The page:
Comic Relief: The Greatest…And The Latest
Starring Lewis Black, John Candy, George Carlin, and Jim Carrey
Available Feb. 5, 2008
Laughing At Tragedy — 20 years of Comic Relief
There is very old cliche: “Laughter Is The Best Medicine.”
Laughter as a cure for social ills was the mission of Comic Relief, a charity originally established in America in 1986 to help the homeless. For several years, comedians Robin Williams, Whoopi Goldberg, and Billy Crystal hosted a live benefit performance, featuring some of the greatest comedians of several generations. Their efforts raised millions to help the needy.
After an absence of many years, they reunited on November 16, 2006 to hold a Comic Relief benefit in Las Vegas for the victims of Hurricane Katrina and to help rebuild flood-ravaged New Orleans.
Now, some of the best Comic Relief performances are available on a two-disc set from Shout! Factory.
The first disc offers a “best of” compilation of the early Comic Relief performances, while the second disc features the entire 2006 Comic Relief event.
Disc one contains chunks of great material from many extraordinary comedians. There are pieces of George Carlin‘s “A Place For Your Stuff” routine and some great one-liners from Gary Shandling, Chris Rock, and Steven Wright. Dave Chapelle and Martin Short offer the kind of material that made them famous. There are even clips from Drew Carey, Rosie O’Donnell, Bob Saget, and Dennis Miller back when they were actually funny.
One of the most amazing things about the first disc, is realizing the sheer number of legendary comedians who have died in the last 20 years. There is a great skit featuring the Gilda Radner frantically trying to answer dozens of Comic Relief call-in pledge phones all by herself. Steve Allen does a man-on-the-street interview that was one of his trademark comedy routines when he hosted The Tonight Show prior to Johnny Carson (I had heard about this bit, but it was long before my time and Comic Relief was the only place I’ve seen it performed). Part of Allen’s routine featured Don Knotts as a nervous demolition expert on vacation.
There are also bits from Alan King, Richard Jeni, Milton Berle, and wonderful skits by Peter Cook and Dudley Moore, with Cook as a casting director and Moore as a man with one leg auditioning for the role of Tarzan.
There is an unexpected skit with a couple preparing to engage in kinky sex, only to have Jim Varney open a window, thrust his smiling face into the room, and begin one of his “Hey Vern” diatribes. The late John Candy (with Eugene Levy) perform as the Schminke Brothers polka band duo. It was great to see a lot of comedians again that I fondly remember and some that I genuinely miss.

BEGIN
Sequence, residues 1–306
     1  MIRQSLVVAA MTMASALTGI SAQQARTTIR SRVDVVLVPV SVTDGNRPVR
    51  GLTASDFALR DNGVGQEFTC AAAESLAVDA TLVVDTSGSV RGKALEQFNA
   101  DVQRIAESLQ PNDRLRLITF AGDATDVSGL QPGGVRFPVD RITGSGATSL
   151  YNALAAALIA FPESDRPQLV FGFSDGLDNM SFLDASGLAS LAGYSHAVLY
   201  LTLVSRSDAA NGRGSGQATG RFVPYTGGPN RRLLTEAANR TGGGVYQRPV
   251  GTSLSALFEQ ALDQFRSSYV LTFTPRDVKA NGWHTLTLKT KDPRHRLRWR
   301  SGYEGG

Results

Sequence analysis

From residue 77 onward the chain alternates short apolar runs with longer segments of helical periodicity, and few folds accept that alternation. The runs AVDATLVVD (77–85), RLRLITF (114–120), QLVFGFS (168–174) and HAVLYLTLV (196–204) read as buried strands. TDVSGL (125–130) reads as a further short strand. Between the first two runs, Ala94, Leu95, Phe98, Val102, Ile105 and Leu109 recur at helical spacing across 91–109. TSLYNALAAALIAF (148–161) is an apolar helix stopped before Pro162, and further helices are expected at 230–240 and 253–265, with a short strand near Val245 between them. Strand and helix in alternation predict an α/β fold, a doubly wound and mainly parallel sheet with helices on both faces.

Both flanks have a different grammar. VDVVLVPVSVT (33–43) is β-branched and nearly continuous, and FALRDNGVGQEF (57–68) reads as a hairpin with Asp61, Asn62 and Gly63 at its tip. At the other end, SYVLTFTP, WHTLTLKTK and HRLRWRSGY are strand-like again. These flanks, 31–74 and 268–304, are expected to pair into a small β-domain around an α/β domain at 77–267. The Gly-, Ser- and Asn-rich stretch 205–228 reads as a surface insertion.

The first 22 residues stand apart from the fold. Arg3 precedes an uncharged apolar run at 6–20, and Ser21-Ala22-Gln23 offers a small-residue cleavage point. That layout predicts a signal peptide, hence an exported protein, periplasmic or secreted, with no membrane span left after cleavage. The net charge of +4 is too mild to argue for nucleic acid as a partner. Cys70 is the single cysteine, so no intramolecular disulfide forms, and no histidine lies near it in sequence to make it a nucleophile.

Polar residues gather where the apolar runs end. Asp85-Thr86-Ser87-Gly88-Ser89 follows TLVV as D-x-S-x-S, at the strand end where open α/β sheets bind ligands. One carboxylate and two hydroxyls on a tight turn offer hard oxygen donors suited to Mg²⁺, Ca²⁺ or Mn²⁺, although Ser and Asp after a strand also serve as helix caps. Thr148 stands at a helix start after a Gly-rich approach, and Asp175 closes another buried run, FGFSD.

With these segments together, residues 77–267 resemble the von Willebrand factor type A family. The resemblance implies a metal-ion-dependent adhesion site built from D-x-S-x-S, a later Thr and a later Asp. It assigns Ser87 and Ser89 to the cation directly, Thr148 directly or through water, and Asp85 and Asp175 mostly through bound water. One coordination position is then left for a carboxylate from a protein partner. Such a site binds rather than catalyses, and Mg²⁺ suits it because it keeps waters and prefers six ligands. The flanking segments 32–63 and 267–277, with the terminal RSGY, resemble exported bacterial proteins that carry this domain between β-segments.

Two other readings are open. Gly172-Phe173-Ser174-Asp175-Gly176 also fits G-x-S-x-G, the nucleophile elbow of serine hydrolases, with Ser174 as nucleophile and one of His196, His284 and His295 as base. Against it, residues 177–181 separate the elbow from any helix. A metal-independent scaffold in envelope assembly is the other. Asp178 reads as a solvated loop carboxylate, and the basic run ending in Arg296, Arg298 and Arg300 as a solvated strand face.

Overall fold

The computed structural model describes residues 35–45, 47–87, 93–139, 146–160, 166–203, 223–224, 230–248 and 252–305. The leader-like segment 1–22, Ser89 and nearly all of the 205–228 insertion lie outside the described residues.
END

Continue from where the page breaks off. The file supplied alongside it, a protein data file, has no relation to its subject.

The only real fault with Disc One is that too much is wedged into it. There is a clip of a hilarious routine performed by David Cross and Bob Odenkirk during their profoundly funny Mr. Show years. Cross convinces Odenkirk he has to be completely naked to do comedy improvisation correctly. An embarrassed Odenkirk returns to the stage (after a long walk through the audience), desperately trying to cover his genitals with his hands and trying to perform improvisations while (pretending to be) humiliated. This amazing bit of sketch comedy was condensed into a less than a minute.
Conversely, there is a routine that features most of the cast of Star Trek: The Next Generation discussing Comic Relief t-shirts and other artifacts that were discovered. This entire clip was featured and only “comedy” was that Data couldn’t pronounce Whoopi Goldberg’s name and that Dr. Crusher remarked that Goldberg looks a lot like Guinan (the character Goldberg occasionally played on Star Trek: TNG).
The second disc, featuring the Hurricane relief program, has all the comedy routines uncut, but the laughs are hit-or-miss. Bill Maher, John Stewart, and Stephen Colbert‘s politically based humor remains funny. However, Rosie O’Donell’s shameless tribute to Barbara Steisand and Roseanne Barr shouting lame one-liners are not. The really funny stand-up comedy performed by Lewis Black, Dane Cook, D.L. Hughley, and George Lopez is, unfortunately, interspersed with less-than-amusing performances by Mike Epps and Susie Essman.
But the question is not whether Comic Relief was sufficiently funny to raise millions for charity, but whether it’s funny enough for you to drop your hard-earned cash to buy the discs and support the effort.
While it may be fashionable to sneer at the manic Williams, the opinionated Goldberg, and the overly-sentimental Crystal these days, when these performers were at the top of their game, they were as funny as funny gets.
Does Williams do too many penis jokes? Absolutely. Does Goldberg alternately display black indignation followed by black stereotypes? Sure. Does Crystal like to remind everyone that he’s Jewish? Of course. But remember: these people gave their time, talent, and energy freely to try and help others.
When was the last time you saw Lindsay, Paris, or Britney trying to help the needy?
It is important to support efforts like Comic Relief so that (as Cheech Marin once truly remarked) laughing through the tears won’t become our national pastime.
Comic Relief is a good cause that offers some good laughs. It’s a success not only as a benefit for worthy causes, but also a triumph of energy, style, and ingenuity.